That's what initially caught my eye, but, then I noticed it had the most delightful foliage and wiry stems with little seed pods left over from the summer flowers. I decided then and there that it had to be in my garden.
It wasn't until the following May that I got to see the charming flowers. Prairie Moon Nursery says that the flowers of Porteranthus stipulatus have a subtle beauty that is a nice break from the bigger blooms of most wildflowers. I think the little star shaped flowers are beautiful and somewhat reminiscent of apple blossoms. They look good planted with Aquilegia canadenses, Heuchera villosa and Pentemon calycosus.
For the greatest impact, plant it along a shady path where the small flowers would be seen by anyone walking by. Be generous, plant several for the biggest impact~remember, these are small flowers and you want your garden visitors to appreciate their subtle beauty!
|little seed pods|
I wish I had photos showing pollinator visitors, but, take my word for it~ that bees, flies, butterflies and skippers stop by to nectar or gather pollen.
My dear friends, this is a seriously cute wildflower! Give it a try...
The particulars about Porteranthus stipulatus
Common Name: Indian physic
Growth habit: Sub shrub
Native Range: Central and eastern North America
Hardiness Zones: 4 to 8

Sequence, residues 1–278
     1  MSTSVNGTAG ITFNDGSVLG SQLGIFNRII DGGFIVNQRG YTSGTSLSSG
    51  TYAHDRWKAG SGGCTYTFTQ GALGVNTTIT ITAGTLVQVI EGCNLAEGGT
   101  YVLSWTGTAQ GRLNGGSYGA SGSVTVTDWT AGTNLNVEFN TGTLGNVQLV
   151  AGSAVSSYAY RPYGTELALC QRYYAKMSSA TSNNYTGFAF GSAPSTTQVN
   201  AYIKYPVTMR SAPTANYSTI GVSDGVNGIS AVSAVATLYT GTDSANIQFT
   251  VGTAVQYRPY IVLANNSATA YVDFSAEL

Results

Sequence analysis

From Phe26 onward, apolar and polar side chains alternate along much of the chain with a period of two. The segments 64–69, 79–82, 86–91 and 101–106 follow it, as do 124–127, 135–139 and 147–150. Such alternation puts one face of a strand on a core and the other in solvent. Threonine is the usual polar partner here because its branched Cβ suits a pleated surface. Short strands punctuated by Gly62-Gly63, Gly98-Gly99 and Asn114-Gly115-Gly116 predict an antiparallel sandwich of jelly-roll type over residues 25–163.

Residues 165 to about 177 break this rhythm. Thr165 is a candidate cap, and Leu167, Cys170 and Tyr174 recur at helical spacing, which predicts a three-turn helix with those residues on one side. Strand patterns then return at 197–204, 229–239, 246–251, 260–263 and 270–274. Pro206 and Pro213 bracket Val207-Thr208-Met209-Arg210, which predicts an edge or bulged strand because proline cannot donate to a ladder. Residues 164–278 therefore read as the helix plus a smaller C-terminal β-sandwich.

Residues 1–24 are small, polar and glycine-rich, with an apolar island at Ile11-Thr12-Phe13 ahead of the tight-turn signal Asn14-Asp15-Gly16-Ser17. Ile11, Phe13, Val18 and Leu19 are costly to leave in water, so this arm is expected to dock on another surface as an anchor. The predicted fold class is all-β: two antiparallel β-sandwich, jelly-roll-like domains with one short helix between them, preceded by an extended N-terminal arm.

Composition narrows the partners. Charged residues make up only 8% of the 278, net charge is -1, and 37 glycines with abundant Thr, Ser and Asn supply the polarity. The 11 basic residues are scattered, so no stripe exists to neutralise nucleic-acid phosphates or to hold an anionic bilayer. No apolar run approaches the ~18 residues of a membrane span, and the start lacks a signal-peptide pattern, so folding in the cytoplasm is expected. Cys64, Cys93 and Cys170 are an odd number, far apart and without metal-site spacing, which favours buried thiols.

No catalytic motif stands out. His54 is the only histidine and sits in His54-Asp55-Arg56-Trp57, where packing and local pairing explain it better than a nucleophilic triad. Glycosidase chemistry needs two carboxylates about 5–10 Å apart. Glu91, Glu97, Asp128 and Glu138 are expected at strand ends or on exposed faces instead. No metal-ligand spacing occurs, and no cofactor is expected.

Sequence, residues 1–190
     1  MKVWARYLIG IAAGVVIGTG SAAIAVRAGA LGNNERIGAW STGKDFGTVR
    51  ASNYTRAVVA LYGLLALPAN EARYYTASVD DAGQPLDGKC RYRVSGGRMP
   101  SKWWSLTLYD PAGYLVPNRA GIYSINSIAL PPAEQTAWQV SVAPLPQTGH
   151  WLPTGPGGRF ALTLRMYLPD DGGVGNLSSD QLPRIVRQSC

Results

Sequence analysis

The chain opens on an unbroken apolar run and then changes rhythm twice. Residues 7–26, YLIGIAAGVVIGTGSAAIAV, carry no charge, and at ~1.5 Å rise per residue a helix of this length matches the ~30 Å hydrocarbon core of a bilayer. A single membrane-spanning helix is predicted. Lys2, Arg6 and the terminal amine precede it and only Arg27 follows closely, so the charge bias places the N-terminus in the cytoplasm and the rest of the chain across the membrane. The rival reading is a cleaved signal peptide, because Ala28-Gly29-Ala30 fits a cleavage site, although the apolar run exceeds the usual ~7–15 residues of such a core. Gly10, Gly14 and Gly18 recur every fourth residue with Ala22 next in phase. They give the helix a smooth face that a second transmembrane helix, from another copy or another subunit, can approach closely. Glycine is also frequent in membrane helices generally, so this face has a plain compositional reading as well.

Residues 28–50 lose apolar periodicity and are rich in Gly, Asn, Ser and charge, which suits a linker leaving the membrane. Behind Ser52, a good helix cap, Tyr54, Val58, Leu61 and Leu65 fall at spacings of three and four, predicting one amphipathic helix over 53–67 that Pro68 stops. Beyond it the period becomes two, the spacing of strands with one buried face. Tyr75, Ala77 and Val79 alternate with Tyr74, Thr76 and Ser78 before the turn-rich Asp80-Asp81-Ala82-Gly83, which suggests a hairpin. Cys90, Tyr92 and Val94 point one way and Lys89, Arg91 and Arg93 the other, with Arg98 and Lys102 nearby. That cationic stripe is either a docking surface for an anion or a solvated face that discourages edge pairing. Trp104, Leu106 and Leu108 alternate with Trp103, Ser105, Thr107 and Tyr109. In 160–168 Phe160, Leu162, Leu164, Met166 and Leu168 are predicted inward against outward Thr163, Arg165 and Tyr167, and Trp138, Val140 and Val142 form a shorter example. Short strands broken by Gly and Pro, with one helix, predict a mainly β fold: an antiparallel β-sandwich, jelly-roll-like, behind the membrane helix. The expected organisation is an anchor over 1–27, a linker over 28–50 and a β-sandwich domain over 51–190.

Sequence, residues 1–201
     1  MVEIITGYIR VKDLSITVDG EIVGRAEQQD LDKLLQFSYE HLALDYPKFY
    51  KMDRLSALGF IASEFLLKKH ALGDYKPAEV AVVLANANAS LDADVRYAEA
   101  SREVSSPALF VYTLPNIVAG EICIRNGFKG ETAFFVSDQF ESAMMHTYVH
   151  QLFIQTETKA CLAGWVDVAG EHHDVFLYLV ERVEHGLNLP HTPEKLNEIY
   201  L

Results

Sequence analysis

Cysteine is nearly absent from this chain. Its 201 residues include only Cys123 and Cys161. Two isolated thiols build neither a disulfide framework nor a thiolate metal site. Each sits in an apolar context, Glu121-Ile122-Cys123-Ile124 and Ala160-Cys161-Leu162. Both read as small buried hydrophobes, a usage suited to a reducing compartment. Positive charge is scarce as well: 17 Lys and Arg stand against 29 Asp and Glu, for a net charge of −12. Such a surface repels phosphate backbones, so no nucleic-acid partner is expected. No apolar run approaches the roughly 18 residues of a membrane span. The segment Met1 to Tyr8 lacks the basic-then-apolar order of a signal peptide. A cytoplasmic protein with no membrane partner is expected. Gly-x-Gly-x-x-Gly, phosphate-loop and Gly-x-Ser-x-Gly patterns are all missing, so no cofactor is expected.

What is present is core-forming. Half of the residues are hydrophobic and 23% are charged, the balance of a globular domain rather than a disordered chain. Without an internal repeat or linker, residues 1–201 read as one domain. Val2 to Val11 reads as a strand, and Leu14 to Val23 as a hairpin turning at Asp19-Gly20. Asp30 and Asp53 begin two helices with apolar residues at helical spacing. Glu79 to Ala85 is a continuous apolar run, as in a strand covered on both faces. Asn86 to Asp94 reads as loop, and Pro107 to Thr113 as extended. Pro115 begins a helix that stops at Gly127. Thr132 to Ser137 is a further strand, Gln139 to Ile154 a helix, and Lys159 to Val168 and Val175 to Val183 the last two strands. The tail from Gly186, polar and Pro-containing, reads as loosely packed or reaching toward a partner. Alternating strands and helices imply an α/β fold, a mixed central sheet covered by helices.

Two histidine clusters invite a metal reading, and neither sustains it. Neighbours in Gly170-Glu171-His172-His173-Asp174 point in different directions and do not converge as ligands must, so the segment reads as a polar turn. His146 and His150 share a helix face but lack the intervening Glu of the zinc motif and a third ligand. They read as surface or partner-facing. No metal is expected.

Height: 2.50 to 3.00 feet Spread: 1.50 to 2.00 feet
Bloom Time: May to June
Flower: White or light pink
Sun: Part shade
Faunal associations: Long and short tongued bees visit for nectar and pollen. Flies, butterflies, and skippers also visit.
Thank you for stopping by and welcome to Clay and Limestone's Wildflower Wednesday celebration. WW is about sharing and celebrating wildflowers from all over this great big, beautiful world. Join us on the fourth Wednesday of each month. Remember, it doesn't matter if they are in bloom or not; and, it doesn't matter if we all share the same plants. It's all about celebrating wildflowers. Please leave a comment when you add your url to Mr Linky.
Gail Eichelberger is a gardener and therapist in Middle Tennessee. She loves wildflowers and native plants and thoroughly enjoys writing about the ones she grows at Clay and Limestone. She reminds all that the words and images are the property of the author and cannot be used without written permission.